Vice President for Academic Affairs and Provost Linda Vaden-Goad spoke about the three accreditations FSU went through in the past year, including New England Association of Schools and Colleges (NEASC), National Association of Schools of Art and Design (NASAD) and National Council for Accreditation of Teacher Education (NCATE). She said each association gave FSU “glowing” reviews.
She added that diversity hiring has increased over the past three years when the initiative began, from 8.1 percent to 17.7 percent of overall faculty. She said that it gives students the advantage of being taught by a global community.
A new academic structure was created this semester, including appointing three new interim deans: Marc Cote as interim dean of Arts and Humanities, Sue Dargan as interim dean of social and behavioral sciences and Margaret Carroll as interim dean of Science, Technology, Engineering and Mathematics.
She added, “It will help us create a more responsive, effective, successful, creative and innovative system. We are that kind of school – we needed that kind of help.”
Vaden-Goad spoke about FSU’s new majors and concentrations, such as the theater concentration, global studies major, ASL major and professional science master’s degree programs. She added there have been conversions from concentrations to majors, including finance, accounting, marketing and management.
Vaden-Goad spoke about students from our partner school who need remediation, and working on getting that percentage lower. About 10 percent of those students need remediation.
She also cited academic retreats and new technological resources, like the “digital repository” in the library, among other projects as important improvements to the school this year.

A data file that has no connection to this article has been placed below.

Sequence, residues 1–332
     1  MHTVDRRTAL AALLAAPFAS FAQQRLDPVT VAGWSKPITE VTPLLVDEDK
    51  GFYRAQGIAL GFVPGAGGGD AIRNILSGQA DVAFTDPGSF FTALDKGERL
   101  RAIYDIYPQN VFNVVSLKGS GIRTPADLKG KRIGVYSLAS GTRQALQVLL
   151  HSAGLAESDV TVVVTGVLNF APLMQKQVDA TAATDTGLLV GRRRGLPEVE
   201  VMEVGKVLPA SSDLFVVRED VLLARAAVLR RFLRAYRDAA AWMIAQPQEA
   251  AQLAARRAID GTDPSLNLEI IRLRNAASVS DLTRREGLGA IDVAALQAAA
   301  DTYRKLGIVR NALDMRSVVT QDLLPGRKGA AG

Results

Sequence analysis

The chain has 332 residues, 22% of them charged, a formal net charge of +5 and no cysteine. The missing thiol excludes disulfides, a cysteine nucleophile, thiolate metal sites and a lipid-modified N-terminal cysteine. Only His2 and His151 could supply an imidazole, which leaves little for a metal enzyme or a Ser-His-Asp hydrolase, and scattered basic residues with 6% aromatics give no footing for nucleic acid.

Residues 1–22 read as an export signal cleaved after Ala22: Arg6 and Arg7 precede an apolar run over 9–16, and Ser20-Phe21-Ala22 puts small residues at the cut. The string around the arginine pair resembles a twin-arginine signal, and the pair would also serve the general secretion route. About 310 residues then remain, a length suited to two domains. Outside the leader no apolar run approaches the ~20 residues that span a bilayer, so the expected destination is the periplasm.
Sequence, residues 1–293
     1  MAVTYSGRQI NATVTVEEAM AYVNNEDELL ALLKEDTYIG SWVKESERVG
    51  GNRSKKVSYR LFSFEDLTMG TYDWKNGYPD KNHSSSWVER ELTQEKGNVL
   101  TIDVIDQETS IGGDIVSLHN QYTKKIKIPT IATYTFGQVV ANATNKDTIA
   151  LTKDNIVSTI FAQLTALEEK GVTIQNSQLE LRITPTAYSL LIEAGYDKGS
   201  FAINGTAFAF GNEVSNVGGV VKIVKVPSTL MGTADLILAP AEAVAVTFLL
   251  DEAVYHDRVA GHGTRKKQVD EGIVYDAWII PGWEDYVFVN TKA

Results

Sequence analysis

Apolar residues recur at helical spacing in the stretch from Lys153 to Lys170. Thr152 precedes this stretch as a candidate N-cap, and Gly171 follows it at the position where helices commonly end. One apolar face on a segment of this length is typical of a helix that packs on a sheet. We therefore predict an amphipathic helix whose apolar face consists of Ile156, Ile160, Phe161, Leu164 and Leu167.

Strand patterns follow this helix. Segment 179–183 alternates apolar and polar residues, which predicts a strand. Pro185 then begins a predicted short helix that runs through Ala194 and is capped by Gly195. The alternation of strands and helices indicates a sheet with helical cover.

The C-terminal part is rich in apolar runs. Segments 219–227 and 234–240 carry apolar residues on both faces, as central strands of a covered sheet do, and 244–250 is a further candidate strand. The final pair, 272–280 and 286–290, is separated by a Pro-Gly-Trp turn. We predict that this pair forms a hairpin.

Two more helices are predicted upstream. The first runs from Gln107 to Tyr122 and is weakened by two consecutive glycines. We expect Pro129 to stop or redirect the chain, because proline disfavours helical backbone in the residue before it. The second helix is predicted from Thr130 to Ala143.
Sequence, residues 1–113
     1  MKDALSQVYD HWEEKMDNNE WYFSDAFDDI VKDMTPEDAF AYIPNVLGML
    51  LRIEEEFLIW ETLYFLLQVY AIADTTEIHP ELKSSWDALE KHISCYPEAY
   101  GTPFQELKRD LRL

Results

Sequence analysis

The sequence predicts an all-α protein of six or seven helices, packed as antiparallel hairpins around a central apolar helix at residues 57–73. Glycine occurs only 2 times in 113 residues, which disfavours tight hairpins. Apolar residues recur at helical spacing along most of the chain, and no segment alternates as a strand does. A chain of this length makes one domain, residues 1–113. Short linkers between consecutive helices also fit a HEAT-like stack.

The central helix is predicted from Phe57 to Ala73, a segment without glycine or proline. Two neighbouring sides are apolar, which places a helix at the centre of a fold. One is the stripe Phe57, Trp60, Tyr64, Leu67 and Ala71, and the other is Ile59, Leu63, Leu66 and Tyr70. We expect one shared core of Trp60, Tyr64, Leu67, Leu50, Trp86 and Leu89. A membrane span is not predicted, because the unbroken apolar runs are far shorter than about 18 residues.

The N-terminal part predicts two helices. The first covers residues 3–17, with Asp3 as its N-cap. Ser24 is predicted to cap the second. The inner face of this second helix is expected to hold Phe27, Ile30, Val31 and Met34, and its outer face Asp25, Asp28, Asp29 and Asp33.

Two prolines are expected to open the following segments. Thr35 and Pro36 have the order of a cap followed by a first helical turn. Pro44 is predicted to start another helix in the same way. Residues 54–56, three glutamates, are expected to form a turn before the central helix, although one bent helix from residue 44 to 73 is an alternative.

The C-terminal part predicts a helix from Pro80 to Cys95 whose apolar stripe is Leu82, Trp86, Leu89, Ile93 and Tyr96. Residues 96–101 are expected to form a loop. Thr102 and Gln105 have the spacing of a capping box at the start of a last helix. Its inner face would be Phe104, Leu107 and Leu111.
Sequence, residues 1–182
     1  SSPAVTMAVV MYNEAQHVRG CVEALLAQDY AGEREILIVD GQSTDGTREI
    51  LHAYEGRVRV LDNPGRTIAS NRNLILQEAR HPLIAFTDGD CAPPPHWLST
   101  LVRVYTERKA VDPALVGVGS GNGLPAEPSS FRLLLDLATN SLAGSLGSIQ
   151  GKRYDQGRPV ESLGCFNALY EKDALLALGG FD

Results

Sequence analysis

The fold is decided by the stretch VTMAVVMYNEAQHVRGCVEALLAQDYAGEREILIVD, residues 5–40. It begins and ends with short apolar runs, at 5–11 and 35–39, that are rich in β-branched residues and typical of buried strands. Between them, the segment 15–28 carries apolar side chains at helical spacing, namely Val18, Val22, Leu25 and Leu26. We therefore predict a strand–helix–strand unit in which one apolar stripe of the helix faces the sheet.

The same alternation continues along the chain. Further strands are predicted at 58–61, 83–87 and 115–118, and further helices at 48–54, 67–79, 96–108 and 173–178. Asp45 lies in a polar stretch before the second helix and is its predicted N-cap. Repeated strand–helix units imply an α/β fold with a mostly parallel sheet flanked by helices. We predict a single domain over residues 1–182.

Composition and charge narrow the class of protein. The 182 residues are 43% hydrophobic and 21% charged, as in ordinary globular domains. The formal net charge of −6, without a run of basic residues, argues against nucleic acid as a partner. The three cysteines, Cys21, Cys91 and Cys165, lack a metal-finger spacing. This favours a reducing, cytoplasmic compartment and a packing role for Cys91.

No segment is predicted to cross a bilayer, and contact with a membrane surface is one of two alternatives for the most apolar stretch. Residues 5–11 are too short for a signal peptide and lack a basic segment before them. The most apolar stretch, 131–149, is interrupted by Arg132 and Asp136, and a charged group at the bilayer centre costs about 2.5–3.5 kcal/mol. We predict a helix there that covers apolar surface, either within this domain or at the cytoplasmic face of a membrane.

Executive Vice President Dale Hamel updated the community on the science project, saying phase one of updating Hemenway’s infrastructure was completed this summer, and phase two will be done over the next summer, but will be less intrusive to the activities in that building at that time. The new addition is on schedule, he said, and is planned for completion the summer of 2015.
An additional 12.4 million dollars will be appropriated to FSU from a memorandum of agreement from the division of Capital Asset Management, Mass Life Sciences Center, Mass State College Building Authority and Framingham State.
Hamel said the state appropriation increase for FSU’s FY15 budget was a little over one million dollars, which does not meet the 50/50 goal, in which state funding would cover about 50 percent of the cost of operations of campuses. Student fees have therefore increased $140, a three percent increase for this year.
Rita Colucci the chief of staff and general counsel has begun the search for the CDIO, and encouraged faculty and staff to “throw your hat in,” since the search was left intentionally “broad.”
She added that FSU has joined a consortium with Bridgewater State to improve retention and graduation rates for diverse students, including students who are the first in their family to go to college, veterans, LGBT students and disabled students among many other groups.
She said this will hopefully improve the retention and graduation rates of all student. “A rising tide lifts all boats,” she said.